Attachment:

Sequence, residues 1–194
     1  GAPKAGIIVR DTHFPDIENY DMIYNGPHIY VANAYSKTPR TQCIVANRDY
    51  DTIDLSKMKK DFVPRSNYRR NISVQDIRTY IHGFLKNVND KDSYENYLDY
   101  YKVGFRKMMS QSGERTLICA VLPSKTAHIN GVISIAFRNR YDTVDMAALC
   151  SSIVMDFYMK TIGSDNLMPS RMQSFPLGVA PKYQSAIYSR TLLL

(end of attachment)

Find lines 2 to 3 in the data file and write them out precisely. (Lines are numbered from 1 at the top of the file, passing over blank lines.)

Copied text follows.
     1  GAPKAGIIVR DTHFPDIENY DMIYNGPHIY VANAYSKTPR TQCIVANRDY
    51  DTIDLSKMKK DFVPRSNYRR NISVQDIRTY IHGFLKNVND KDSYENYLDY